‘Clear opportunities exist to add value to care of critically ill newborns’ -- Tara Lynn Wenger, MD PhD
Initial results of the BBI-sponsored SeqFirst Project using whole genome sequencing have demonstrated that “clear opportunities exist to center equity for providing a precise genetic diagnosis that adds value to the care of critically ill newborns.”
Those results were presented recently by Dr. Tara Lynn Wenger, an associate professor in the Division of Genetic Medicine at Seattle Children’s Hospital, at the annual meeting of the American College of Medical Genomics and Genetics.
“Care for families with rare diseases is often empirical, imprecise, and modestly effective, leaving substantial room for improvement and innovation,” Wenger said. “The ‘promise’ of more precise, and by inference, better care, begins with an accurate genetic diagnosis. Yet, many if not most children with rare diseases are not offered, much less, receive genetic testing.”
Wenger noted that from January to November of 2021 electronic medical records for every newborn admitted to Seattle Children’s neonatal intensive care unit were reviewed by clinical geneticists for eligibility of whole genome sequencing. Of those 336 children, 184 families with eligible children were contacted and, of those, 100 families agreed to participate.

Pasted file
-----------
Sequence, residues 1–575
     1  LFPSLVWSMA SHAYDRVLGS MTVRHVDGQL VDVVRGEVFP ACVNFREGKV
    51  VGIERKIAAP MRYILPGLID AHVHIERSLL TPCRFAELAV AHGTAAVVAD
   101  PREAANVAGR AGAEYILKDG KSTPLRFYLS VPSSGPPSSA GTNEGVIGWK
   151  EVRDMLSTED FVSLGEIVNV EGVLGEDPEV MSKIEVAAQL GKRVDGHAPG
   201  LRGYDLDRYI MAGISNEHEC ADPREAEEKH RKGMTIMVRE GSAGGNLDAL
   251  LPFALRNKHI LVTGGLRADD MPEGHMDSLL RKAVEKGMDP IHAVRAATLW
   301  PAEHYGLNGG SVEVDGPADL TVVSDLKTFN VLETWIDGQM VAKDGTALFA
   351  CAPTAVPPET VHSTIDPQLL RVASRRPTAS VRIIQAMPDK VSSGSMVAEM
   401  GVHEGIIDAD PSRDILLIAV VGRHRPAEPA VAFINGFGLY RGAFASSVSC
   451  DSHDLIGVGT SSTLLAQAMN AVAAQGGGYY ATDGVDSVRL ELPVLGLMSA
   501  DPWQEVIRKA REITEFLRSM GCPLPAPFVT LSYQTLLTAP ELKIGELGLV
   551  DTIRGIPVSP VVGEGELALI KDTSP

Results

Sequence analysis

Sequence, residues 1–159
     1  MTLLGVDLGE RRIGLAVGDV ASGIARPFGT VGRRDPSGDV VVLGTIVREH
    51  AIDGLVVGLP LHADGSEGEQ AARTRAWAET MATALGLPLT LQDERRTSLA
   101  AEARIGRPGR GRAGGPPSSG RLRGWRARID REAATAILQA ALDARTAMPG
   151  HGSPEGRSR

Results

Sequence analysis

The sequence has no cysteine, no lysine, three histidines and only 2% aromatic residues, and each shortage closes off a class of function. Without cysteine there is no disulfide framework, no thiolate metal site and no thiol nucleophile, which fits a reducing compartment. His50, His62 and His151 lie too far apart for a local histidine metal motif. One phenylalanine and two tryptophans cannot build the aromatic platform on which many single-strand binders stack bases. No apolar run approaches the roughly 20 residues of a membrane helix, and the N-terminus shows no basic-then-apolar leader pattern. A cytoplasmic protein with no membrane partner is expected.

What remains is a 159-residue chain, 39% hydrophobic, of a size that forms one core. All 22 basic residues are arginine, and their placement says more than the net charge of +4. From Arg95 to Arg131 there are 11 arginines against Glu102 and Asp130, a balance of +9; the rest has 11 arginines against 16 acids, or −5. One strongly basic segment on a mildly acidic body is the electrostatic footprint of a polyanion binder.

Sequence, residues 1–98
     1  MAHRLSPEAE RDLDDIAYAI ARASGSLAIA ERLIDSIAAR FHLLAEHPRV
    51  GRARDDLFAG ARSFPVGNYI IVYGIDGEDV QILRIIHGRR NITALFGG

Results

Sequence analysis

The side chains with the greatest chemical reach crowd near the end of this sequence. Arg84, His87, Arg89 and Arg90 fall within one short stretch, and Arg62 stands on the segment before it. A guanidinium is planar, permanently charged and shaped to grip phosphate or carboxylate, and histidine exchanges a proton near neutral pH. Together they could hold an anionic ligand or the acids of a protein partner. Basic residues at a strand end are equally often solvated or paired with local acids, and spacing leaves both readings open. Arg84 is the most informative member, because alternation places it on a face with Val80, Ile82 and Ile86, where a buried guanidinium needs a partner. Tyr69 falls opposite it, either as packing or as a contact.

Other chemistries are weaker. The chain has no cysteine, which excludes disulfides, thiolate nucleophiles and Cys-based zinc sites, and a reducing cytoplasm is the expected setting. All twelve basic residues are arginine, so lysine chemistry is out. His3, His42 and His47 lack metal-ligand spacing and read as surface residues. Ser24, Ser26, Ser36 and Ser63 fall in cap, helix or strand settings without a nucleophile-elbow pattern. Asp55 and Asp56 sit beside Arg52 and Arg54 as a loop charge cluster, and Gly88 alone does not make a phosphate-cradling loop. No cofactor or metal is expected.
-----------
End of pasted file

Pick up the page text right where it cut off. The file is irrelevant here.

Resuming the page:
Analyses are complete for all but three of those 100 children. Results were fully explanatory in 30 families (31 percent); potentially explanatory in 16 families (17 percent), partially explanatory in 5 families (5 percent), and nondiagnostic in 46 families (48%). In addition, of the 50 (52 percent) newborns with diagnostic whole genome sequencing, 35 (70 percent) had genetics consultations ordered. There was no documented clinical suspicion of a genetic condition in 30 percent of newborns with diagnostic whole genome sequencing.
She also explained that results from the sequencing resulted in changes in the care of 14 children (or 93 percent), such as specialty referrals, surgery or other invasive procedures, or changes in medication.
“Significantly, many of the children were non-White and in whom a genetic condition had not been suspected,” Wenger said. “We used interpreters for Spanish, Arabic and other languages for 13 families, of whom eight enrolled in the study.”
Families incur no fees; costs and sequencing procedures are covered by Illumina, Inc. and GeneDx, Inc., a wholly owned subsidiary of BioReference Laboratories, Inc.,
“Given the apparent benefit of increasing access to whole genome sequencing in critically ill newborns, use of less labor- and time-intensive approaches and technologies to obtain informed consent and return results could increase efficiency, improve scalability and potentially reduce costs and further improve access to sequencing,” Wenger said.
For more information about the SeqFirst study, visit: https://www.seqfirst.org/.